For new knitters
There are some extraordinary resources available. Technology has certainly moved along since I was spinning and knitting in the eighties. You can now buy ordinary wool, silk and cotton, but you can now also source things like quivet, and buffalo and fibres made of pineapple and milk, and even pearls! There are also wonderful internet resources. A case in point is the website 'Ravelry', sort of like Facebook for knitters. It has hundreds of thousands of patterns on it which designers place on the website. Some of them are paid, but there are lots of free ones.
There are also some fabulous local yarns shops where you can get some wonderful yarns as well as entry to the world knitters groups. I know that there is at least one member of the Bar knitting group who has taught herself to knit while watching YouTube.
The Bar community of Knitters
One of the things I’m most proud of achieving at the bar is the formation and continuation of the Bar Knitting group. It really came out of the idea that it is good and desirable to have an interest or an outlet other than work. For lots of people that is something physical – football or running marathons. But for me it is doing something creative.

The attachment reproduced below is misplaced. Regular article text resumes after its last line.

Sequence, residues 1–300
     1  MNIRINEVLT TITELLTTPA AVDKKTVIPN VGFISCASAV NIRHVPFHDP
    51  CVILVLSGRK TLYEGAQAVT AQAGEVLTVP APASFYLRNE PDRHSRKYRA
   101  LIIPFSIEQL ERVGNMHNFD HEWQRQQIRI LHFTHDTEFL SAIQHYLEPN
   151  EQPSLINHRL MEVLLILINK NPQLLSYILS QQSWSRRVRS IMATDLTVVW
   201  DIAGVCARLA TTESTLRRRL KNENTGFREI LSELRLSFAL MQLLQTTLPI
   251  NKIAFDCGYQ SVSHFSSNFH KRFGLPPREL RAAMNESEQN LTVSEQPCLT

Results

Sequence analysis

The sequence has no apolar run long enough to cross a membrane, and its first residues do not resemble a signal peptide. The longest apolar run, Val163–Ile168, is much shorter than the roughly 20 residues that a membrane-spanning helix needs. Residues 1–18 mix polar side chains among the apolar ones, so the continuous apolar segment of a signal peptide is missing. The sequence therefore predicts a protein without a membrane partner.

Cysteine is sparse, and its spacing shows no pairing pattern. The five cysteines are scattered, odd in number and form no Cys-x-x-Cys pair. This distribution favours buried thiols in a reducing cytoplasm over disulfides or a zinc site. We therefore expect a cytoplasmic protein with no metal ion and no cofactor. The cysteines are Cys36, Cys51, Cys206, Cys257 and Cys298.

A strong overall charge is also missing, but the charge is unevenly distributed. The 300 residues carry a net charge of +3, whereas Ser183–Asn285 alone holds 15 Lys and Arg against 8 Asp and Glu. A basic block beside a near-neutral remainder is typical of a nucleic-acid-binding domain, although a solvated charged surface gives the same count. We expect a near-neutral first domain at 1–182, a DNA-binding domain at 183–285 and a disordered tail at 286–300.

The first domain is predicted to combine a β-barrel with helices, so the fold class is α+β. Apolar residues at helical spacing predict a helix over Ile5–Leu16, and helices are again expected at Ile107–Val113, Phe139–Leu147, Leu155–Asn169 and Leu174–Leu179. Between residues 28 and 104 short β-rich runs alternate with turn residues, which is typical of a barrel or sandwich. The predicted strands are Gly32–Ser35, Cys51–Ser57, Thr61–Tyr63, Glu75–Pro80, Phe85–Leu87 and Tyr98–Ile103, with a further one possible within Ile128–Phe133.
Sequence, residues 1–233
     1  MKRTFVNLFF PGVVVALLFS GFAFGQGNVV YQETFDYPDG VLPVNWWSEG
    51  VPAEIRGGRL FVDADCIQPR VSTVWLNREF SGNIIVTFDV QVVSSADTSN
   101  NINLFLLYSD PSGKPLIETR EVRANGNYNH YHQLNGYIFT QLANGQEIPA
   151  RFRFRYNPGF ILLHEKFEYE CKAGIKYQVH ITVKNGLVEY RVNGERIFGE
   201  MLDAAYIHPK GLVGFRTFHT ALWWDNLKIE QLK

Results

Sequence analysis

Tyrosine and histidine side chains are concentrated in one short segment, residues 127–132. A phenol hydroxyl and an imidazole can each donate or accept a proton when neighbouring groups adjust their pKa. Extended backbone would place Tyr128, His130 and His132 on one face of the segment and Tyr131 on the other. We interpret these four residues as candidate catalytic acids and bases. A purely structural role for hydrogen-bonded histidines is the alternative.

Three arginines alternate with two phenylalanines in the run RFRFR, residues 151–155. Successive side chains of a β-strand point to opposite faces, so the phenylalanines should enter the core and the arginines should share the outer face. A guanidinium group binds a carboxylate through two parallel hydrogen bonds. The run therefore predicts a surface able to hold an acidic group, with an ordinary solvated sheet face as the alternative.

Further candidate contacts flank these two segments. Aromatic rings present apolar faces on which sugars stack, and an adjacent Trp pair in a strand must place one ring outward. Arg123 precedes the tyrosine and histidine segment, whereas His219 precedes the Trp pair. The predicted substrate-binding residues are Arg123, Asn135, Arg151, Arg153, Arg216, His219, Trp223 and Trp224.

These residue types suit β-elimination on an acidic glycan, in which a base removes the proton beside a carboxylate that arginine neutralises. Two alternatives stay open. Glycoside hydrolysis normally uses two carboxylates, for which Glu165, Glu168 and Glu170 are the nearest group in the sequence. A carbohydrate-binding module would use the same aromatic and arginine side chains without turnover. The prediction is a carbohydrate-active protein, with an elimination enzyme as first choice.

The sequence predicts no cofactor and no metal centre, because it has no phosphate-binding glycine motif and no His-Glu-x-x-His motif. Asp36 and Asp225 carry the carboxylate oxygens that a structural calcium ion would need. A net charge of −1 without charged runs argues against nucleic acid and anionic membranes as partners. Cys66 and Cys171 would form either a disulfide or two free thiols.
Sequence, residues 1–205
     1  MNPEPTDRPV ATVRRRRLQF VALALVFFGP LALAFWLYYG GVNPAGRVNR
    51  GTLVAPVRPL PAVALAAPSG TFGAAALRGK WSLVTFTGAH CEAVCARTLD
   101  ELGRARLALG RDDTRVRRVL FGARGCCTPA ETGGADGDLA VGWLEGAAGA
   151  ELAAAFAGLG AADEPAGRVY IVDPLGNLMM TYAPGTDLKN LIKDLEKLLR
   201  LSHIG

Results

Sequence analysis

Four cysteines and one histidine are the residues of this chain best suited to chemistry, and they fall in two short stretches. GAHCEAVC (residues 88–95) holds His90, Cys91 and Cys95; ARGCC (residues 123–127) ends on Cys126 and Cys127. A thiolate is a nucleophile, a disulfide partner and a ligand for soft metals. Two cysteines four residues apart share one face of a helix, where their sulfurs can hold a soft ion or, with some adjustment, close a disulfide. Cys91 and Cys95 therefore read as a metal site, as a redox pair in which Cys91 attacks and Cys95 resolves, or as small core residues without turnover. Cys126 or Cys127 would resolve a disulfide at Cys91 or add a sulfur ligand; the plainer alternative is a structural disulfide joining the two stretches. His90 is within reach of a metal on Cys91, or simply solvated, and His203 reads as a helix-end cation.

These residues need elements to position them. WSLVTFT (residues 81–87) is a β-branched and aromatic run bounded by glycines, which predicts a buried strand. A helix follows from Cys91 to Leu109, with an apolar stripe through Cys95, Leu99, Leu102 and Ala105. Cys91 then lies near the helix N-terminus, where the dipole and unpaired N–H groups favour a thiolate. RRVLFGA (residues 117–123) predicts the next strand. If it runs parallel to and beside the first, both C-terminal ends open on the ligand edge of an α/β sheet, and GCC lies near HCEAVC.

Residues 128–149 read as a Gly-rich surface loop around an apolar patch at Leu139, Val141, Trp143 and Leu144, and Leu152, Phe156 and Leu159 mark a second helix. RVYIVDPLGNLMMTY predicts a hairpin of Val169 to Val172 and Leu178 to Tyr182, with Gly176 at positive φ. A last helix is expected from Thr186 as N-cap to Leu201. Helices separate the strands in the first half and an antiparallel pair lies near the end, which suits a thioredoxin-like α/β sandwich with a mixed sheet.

We have been going for over 10 years and really could not have done something like this 20 years ago. So many people would have been reticent to admit to doing a traditionally female craft. Of course the Bar has a great tradition of knitters – I’m told that in the Bar Association archives there are old photos of barristers [men, of course] knitting during the Second World War.
I like to think the Bar Knitting group are a welcoming group of like-minded creatives, and anyone of any level can join. There are non-knitters as well, for instance we have really fabulous embroiderers in our group and we even allow crocheters!
It’s a craft which I definitely encourage people to try – after all, what's the worst that can happen? If you wind up making something that's rubbish you can just make it again!
The Bar Knitting Group meets regularly. Please contact Lisa Allen, firstname.lastname@example.org from the Bar Library if you are interested in joining.